Clinical utility of sperm DNA fragmentation testing: a commentary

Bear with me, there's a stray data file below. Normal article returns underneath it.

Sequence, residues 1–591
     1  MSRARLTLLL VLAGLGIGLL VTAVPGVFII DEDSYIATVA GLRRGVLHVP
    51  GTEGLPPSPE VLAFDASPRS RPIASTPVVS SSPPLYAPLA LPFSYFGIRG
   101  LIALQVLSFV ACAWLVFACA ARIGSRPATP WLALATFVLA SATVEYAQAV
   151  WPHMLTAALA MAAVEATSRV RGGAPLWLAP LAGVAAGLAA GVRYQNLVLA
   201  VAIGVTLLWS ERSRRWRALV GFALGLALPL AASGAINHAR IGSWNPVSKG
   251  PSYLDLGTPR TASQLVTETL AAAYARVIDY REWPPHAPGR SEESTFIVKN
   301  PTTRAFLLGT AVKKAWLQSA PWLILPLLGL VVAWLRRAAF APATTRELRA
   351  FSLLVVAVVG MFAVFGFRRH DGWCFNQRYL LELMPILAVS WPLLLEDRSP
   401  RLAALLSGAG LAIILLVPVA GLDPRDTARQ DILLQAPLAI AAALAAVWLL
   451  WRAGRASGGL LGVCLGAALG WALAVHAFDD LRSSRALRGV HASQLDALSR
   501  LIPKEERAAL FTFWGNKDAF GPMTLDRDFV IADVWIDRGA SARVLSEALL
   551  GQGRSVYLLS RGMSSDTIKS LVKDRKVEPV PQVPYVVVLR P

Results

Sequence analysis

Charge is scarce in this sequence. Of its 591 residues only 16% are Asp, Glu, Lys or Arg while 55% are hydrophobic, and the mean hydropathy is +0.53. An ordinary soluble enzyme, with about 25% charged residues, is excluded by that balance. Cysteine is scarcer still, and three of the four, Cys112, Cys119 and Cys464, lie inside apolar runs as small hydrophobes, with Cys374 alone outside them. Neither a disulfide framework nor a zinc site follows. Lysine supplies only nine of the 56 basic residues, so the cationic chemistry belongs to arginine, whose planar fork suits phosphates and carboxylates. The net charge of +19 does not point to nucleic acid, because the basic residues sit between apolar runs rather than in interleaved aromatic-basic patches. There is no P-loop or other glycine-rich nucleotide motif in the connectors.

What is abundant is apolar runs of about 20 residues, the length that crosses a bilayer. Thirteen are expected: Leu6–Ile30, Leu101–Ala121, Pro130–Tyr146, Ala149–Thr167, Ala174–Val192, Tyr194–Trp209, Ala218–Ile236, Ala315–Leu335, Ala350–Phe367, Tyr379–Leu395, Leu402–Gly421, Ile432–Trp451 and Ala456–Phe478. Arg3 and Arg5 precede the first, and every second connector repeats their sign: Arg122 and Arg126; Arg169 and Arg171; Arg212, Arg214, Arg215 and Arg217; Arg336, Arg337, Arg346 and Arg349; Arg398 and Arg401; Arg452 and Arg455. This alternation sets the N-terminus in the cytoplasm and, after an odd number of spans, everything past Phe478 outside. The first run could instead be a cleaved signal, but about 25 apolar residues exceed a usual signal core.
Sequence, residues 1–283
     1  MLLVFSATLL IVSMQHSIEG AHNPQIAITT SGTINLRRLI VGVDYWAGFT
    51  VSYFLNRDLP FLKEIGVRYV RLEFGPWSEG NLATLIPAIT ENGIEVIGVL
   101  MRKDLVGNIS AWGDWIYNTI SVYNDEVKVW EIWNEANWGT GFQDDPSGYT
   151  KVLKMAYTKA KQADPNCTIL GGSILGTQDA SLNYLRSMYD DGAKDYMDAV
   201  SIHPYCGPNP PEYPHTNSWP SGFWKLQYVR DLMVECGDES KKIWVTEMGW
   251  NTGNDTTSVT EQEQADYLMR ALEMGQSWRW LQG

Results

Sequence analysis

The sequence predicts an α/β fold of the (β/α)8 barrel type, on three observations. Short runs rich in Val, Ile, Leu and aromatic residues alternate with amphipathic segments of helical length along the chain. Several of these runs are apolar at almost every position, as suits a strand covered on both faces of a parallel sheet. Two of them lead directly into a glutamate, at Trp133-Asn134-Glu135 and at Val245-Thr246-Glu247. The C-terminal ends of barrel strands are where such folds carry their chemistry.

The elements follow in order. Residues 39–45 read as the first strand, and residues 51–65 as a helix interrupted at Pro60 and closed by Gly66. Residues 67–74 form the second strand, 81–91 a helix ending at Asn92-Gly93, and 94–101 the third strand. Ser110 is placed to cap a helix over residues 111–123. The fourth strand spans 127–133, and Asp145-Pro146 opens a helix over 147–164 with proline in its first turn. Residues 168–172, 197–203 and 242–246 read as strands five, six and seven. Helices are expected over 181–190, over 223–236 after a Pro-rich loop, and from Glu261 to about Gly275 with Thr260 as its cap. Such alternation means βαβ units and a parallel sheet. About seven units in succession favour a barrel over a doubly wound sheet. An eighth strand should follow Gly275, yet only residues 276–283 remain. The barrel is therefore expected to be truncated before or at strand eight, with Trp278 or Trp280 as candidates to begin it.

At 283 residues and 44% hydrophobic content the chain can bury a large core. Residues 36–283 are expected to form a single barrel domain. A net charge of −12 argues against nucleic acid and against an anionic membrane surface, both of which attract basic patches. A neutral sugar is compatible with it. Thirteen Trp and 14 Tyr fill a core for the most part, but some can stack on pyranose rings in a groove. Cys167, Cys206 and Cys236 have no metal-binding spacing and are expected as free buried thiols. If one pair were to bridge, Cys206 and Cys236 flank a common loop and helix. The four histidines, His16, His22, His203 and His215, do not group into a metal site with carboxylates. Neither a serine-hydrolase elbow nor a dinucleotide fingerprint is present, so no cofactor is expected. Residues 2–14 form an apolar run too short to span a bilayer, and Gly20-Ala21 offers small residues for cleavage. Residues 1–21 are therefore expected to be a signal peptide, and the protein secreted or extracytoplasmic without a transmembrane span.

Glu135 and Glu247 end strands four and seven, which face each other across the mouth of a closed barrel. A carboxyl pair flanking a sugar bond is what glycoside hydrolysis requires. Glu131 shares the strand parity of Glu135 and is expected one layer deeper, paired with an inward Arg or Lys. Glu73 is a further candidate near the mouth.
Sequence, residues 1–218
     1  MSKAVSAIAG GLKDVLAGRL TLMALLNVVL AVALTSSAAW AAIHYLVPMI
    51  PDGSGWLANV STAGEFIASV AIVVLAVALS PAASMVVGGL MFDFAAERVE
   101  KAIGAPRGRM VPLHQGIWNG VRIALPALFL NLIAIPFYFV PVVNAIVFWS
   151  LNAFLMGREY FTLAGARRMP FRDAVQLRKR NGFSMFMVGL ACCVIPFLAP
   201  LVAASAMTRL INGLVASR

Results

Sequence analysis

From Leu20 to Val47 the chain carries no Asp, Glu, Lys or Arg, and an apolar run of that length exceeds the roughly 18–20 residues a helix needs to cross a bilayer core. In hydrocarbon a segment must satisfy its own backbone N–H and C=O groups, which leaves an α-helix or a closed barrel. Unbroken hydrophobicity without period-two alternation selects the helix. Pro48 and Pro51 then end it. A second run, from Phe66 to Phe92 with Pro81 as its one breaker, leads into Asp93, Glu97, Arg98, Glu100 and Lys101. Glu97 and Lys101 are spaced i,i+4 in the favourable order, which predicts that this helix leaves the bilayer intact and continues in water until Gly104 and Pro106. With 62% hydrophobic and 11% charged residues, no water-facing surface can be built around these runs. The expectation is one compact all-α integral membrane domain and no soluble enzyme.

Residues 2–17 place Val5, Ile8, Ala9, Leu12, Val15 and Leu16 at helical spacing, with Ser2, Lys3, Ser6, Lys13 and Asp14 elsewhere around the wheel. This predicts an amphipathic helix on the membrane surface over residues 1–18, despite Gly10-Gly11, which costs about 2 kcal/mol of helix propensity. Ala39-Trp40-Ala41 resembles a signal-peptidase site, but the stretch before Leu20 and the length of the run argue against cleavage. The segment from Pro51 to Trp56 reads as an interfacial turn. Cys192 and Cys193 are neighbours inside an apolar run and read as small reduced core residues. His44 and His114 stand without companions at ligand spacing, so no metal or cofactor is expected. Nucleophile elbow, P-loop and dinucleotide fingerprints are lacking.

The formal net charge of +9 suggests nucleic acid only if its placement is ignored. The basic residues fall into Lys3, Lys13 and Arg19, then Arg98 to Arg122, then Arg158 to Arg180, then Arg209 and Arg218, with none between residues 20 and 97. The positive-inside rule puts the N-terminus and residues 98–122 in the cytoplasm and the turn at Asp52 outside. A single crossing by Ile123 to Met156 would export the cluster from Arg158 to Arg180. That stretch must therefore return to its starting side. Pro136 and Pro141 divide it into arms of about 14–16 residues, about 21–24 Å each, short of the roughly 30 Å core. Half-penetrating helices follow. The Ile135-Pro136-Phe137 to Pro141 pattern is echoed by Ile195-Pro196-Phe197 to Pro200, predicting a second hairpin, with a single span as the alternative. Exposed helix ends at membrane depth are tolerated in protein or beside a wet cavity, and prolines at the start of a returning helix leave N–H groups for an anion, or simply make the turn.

The andrological factor is implicated in more than 40% of couples attending infertility clinics. Considering that standard semen analysis only poorly predicts the outcome of fertilization and pregnancy in couples including assisted reproduction attempts as it only examines sperm parameters such as sperm concentration, vitality, sperm morphology and motility, it is therefore quite limited in its clinical discriminatory power (1) in about 40% of men with normal ejaculates (2). Contributing factors to this fact are the high biological variability of these parameters, essentially causing each ejaculate being unique, thus often resulting in the vague clinical diagnosis of idiopathic infertility (3). In addition, the fertilization process itself is a multifactorial process in which not only the different sperm functions such as motility, capacitation, acrosome reaction, chromatin condensation or the integrity of the genetic information, but also female and oocyte factors have to be taken into account (4). Among these conventional sperm parameters, morphology evaluated according to strict criteria exhibited a relatively low degree of variability (4). Yet, although morphology appeared as a better parameter than sperm concentration, the diagnostic value of semen analysis is limited (5). For this reason, conventional semen analysis was complemented by a panel of functional sperm parameters including sperm nuclear DNA fragmentation, which is also regarded a parameter with low biological variation (6).